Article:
My Predictions(And Hopes) For This Year’s Emmy Nominations: Week 2, Part 2
OUTSTANDING LEAD ACTOR IN A DRAMA SERIES
I fully acknowledge that there will be more than a fair share of leads from series I don’t particularly like, even though there are some actors who I clearly do. That said I have no intention of giving credit to either Jason Bateman for Ozark or Brian Cox for Succession. No matter how great their work is, my loathing for both the series they are a part of and their individual characters makes me utterly unwilling to give them the credit they are due. So I will give credit to the actors whose work I admire more, and might well be overlooked.
Sterling K. Brown, This is Us
As the only one of the Pearsons (to date) who has received any love from the Emmys, it somehow seems that Brown receives too much credit — and never enough. Randall Pearson has always been the heart of This is Us, the one going through the most pain as a father, as a husband, and as a son — and of course, as a black man in a white world and a white family. As he always seems to, he spent the final season in an extensive amount of agony as Rebecca deteriorated and then finally passed away. He had no idea where to go next after all this. So in the final ten minutes when we finally saw him see joy — both as a son and a grandparent — it was by far one of the most profoundly exhilarating and moving moments of the entire series. Brown will inevitably move on to his next project (he did that even while the series on the air). I don’t have to tell you he deserves one more bite at the apple.
Kevin Costner, Yellowstone
A couple of these potential nominees are on this list as much because of my personal admiration for them as actors as their work on the series that they do. At this point is there anything left to say about Kevin Costner who has in the past decade regained his spot as one of the great actors of our time? Yellowstone has become one of the great cultural phenomena of TV and he is as much a part of his success as any actor out there. Costner has been a symbol of the western pretty much since the beginning of his career in great films and mediocre ones. His role in the closest equivalent to a modern Western since Justified ended in 2015 is one of the great reasons for its success. I hope that the Emmys recognize him.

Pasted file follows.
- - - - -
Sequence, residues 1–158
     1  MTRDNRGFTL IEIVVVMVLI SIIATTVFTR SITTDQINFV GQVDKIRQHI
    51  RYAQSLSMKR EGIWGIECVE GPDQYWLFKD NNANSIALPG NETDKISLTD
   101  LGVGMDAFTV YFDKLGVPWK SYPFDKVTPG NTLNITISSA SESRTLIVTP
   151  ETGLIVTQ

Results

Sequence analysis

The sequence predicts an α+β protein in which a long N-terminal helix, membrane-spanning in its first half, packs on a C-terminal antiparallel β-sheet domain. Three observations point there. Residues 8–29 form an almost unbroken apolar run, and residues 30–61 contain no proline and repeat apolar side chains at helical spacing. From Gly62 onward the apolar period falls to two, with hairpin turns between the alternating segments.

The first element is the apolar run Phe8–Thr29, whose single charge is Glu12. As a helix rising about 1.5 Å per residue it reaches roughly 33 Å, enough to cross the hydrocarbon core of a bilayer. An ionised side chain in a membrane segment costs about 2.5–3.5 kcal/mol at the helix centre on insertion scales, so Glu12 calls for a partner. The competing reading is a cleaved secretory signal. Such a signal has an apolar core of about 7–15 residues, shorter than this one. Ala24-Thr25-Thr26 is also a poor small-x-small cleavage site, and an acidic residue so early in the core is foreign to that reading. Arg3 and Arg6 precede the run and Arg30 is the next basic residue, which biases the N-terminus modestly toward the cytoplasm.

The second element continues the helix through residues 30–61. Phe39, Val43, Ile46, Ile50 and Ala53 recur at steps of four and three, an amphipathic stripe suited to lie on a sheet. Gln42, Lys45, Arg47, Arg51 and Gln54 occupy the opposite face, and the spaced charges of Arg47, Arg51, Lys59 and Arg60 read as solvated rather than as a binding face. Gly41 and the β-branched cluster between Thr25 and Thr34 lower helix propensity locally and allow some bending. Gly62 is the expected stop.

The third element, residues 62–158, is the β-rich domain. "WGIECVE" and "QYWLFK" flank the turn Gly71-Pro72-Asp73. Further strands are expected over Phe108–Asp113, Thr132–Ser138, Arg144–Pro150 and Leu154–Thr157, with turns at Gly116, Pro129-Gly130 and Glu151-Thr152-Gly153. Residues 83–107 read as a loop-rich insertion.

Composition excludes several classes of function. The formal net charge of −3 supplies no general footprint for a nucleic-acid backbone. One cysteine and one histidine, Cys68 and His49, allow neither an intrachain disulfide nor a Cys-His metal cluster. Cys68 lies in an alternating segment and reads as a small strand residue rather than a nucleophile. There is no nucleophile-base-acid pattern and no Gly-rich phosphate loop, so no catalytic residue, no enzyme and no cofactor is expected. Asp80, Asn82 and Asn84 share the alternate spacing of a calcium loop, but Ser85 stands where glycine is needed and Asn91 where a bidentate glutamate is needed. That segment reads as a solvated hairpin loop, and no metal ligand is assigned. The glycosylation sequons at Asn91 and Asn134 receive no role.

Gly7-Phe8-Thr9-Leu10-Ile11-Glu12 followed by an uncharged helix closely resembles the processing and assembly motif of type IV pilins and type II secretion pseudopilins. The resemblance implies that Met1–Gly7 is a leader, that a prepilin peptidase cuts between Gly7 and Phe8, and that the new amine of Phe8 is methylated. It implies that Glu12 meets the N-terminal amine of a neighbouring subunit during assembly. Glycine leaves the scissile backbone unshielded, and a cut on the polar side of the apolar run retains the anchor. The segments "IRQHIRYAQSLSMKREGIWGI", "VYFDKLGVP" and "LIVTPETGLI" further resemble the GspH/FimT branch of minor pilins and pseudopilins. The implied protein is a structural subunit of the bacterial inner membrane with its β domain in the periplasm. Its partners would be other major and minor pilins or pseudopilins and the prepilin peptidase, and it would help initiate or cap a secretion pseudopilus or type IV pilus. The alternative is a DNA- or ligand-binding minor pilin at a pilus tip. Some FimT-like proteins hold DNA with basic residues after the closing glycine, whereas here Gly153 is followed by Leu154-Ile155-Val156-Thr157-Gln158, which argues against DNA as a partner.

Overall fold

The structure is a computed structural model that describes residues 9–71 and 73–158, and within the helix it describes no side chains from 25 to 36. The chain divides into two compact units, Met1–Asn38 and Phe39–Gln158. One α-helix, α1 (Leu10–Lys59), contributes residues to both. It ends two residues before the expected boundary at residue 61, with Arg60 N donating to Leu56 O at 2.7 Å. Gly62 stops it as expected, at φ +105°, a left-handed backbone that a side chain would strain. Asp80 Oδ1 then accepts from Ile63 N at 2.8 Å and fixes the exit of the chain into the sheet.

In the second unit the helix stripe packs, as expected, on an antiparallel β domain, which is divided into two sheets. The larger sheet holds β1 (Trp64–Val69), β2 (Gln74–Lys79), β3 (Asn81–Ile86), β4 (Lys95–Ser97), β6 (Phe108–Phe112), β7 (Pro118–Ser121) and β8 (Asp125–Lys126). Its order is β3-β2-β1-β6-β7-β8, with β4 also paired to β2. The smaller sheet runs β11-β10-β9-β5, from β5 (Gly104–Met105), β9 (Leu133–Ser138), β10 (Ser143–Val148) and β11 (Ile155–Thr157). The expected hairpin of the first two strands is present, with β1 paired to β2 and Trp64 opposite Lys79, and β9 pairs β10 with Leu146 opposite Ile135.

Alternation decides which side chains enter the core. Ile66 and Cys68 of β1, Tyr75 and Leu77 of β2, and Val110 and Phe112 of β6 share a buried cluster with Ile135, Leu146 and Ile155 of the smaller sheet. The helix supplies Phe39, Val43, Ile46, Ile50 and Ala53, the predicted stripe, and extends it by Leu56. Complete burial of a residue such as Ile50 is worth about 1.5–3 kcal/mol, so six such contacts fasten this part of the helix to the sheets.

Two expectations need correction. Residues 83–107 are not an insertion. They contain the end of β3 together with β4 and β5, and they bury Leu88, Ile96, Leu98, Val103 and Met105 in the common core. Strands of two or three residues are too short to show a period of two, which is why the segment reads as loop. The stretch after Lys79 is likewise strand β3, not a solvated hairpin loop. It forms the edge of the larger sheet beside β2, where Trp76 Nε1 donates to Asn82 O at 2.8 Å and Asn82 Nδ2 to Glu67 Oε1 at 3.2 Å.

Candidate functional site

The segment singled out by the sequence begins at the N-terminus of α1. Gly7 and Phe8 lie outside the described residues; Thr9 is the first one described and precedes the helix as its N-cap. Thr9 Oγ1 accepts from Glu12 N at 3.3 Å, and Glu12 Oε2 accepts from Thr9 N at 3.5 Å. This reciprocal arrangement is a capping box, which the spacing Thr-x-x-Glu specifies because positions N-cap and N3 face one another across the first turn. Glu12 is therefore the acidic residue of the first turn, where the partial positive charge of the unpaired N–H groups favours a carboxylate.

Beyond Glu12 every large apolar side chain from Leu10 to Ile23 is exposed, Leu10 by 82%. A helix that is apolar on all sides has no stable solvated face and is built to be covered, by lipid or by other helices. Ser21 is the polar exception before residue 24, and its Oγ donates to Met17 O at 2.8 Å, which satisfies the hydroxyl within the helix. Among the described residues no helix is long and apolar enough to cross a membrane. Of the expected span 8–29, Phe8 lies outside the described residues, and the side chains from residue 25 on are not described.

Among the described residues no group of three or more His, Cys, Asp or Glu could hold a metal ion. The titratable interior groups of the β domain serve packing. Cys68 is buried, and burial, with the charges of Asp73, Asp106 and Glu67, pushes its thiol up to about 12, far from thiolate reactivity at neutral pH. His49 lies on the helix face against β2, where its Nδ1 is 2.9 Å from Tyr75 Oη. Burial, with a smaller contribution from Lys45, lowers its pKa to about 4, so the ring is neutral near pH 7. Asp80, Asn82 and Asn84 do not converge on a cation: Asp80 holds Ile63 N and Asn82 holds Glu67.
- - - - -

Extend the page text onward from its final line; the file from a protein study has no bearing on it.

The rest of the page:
Lee Jung-Jae, Squid Game
When Jung-Jae upset all three male nominees for Succession this past February, it stunned even him. When he matched it with a similar win at the Broadcast Critics a few weeks later, it officially made him the favorite. As the protagonist desperate to survive a game that starts out as deadly and the carnage only gets worse from there, we find ourselves looking at the true mirror of what survival truly means and what we will do to live in the world of capitalism. In my opinion, Jung-Jae should be far ahead of either of the Roys when it comes to what great acting means. If he ends up winning the Emmy this time, he shouldn’t be as shocked as before.
Bob Odenkirk, Better Call Saul
If the Emmys were excessive in their recognition of Bryan Cranston when Breaking Bad was on the air, they’ve overcorrected far too much in the other direction for Bob Odenkirk. (I grant you I’ve more or less agreed with all of the actors who ended up defeating him, but that doesn’t excuse the Emmys nominating Steve Carell instead of Odenkirk the last time he was eligible.) At this point the Emmys, like Saul himself, are running out of time to give Odenkirk the recognition he deserves. (Considering his heart attack while filming last year, they almost ran out of time period.) And as you watch Odenkirk run marathons in his efforts to frame Howard (which involved scenes in a country club, stealing his car and throwing out a prostitute, and getting beat up by him at one point) which showed a fair amount of comic potential — and then saw how the mid-season finale ended up climaxes for him and Jimmy on the ultimate shocker — you really wonder why the hell so many people on this list are ahead of him at this point. Seriously Emmys, you’ve got two chances left. Give him a call.